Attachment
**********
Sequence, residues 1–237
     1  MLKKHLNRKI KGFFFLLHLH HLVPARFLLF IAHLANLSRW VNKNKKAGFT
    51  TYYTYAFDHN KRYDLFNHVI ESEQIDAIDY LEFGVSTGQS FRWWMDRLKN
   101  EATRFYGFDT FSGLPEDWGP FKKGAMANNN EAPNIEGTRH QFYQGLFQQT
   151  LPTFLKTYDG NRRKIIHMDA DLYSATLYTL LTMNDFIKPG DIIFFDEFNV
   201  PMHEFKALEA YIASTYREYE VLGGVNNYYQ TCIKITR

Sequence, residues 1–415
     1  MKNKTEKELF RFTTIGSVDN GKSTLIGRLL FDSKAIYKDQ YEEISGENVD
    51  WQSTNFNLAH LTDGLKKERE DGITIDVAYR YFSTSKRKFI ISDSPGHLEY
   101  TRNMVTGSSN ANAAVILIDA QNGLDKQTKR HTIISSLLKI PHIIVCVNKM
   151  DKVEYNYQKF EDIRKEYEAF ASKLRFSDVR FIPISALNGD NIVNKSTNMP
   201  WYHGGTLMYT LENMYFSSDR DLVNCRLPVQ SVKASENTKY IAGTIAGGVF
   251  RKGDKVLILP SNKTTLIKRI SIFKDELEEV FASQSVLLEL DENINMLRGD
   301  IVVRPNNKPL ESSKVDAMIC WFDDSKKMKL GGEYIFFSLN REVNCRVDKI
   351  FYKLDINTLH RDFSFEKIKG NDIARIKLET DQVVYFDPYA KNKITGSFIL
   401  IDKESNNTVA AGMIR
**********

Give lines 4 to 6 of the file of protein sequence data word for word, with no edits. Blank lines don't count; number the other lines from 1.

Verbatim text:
   101  EATRFYGFDT FSGLPEDWGP FKKGAMANNN EAPNIEGTRH QFYQGLFQQT
   151  LPTFLKTYDG NRRKIIHMDA DLYSATLYTL LTMNDFIKPG DIIFFDEFNV
   201  PMHEFKALEA YIASTYREYE VLGGVNNYYQ TCIKITR